3. Relevant

Relevancy takes on many dimensions as a design principle. Not only is there the balance of points of parity (POPs) and points of difference (PODs) from a category perspective – does a brand look like it fits within a given category? There is also relevancy as it relates to timeliness to current culture. Basically speaking, is a design contemporary or dated?

Is the design pertinent and timely to the audience, category, and of the times? Simply put, will people “get it” (the proposition)?  This encompasses the POP aspect of the design head-on. We look to ensure that category vernaculars are accounted for and whether design fits within the parameters of current/best aesthetic practices.

Is it compelling to the target audience? Does the design make a difference to the people we are trying capture and convince?  Here is where we delve deeper into the hearts of our audience while putting our design under the harsh light of reality, to explore and eventually find that something special that grabs our audience.

Is it calling the audience to action? In other words, does the design work?  This is the part where all the hyperbole and hypothesis fade away as the design must be effective both emotionally and functionally, in equal measures, to convince the audience to engage and ultimately purchase the product.

4. Intuitive

The foundational tenant of design is empathy. All successful design resides in the ability to take into account the lives of the audience and their hectic and often frenetic day-to-day existence. For example, within the world of fast moving consumer goods, typically a grocery store environment, time is of the essence as shoppers are overwhelmed with choice and not much time to stop and study. If a design cannot quickly cut to the chase and explain itself, then the product is likely to be out of consideration. We as designers and strategists focus on these key points to determine intuitiveness.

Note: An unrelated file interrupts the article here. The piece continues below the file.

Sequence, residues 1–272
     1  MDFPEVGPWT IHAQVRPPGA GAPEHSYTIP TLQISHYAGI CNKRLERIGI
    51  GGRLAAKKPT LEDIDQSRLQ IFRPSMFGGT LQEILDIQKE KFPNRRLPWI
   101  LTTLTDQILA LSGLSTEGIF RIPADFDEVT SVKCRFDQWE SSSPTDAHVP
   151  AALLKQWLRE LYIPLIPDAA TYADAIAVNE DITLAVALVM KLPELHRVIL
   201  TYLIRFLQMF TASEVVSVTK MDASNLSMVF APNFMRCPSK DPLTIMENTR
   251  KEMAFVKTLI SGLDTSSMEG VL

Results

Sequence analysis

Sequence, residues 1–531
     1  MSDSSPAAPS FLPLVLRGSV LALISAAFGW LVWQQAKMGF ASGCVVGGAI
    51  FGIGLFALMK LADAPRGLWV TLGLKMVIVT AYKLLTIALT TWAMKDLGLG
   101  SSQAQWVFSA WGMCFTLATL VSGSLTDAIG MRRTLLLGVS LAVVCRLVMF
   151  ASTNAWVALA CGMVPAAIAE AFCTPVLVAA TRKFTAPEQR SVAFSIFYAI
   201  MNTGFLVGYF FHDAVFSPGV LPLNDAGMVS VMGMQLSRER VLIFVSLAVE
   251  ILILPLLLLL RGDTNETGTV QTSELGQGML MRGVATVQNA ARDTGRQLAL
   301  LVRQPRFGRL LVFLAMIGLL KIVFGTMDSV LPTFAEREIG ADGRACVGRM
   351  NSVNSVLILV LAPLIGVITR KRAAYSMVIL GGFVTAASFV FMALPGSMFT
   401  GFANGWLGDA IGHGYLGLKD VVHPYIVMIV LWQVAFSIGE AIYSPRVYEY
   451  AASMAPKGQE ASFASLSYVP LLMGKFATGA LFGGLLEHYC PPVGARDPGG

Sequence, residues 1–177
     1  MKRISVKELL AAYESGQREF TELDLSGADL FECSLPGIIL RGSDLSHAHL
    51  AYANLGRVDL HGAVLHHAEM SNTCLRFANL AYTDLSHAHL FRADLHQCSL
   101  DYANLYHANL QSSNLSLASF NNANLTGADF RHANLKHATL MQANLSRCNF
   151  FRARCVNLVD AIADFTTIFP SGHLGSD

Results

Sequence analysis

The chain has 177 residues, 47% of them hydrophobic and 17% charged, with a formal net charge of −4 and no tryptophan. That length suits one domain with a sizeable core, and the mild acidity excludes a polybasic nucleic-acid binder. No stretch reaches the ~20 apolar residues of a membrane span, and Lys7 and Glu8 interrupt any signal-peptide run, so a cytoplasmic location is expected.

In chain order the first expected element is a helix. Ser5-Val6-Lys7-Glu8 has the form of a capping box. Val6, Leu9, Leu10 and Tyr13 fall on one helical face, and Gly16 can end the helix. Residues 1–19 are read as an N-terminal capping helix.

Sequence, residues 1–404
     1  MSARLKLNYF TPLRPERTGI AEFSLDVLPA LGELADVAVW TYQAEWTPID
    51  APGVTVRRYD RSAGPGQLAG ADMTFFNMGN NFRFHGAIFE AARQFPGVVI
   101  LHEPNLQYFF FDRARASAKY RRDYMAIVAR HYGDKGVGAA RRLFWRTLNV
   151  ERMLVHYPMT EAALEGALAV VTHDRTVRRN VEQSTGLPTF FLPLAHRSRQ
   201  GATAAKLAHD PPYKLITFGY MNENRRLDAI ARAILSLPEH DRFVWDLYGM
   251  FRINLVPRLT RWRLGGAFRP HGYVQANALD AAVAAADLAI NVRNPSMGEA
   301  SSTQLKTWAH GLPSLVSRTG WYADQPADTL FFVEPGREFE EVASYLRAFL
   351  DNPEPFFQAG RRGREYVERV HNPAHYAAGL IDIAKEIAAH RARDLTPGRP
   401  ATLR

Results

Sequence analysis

Is the design clarifying rational and emotional desired experiences? Put another way, does the design tell me what it’s for and is it communicating how it will make me feel?  Over-emphasize emotional experience, then stand the chance of communicating ineffectiveness or vice versa.

Is the design providing the audience with simple and clear communication?  Both visually and verbally, the design must show and tell the audience its features and benefits in a concise and effective manner.

Is the design allowing for ease of use and will it inform choice?  Not only is this aspect about the product’s explanation, in a multiple product offering it also rationalizes selection and deselection based on specific audience needs.

5. Extendable

As innovation pushes brands to extend their products and services into new offerings or even different categories, it is imperative that the brand’s story is consistently told across all potential touch-points. Whether designing a brandmark or a package, we concentrate on making sure design is reflective of the brand’s promise and values as the anchor, while leaving flexibility to communicate product specific attributes.

Is the design easily adapted across various applications?  Planning ahead is a necessity for success. Beyond various printing implications, we must also ensure that any primary and secondary brand assets are transferable to all media and executions.

Is the design relying on the core message of the brand to be the conduit?  When the design effectively demonstrates the overarching meaning of the brand, it will allow for specificity in relevant areas, without eroding or confusing the functional and emotional points of an offering.

Designing an effective solution for a brand can be a difficult journey at best. Design, like any endeavor, requires rigor, planning, and focus. Having tools, like our 5 Design Principles, can level-set expectations and determine successful, objective criteria from the onset. Most importantly, having both internal and external partners aligned to these principles can keep the conversation and evaluation process grounded in objective-based choices.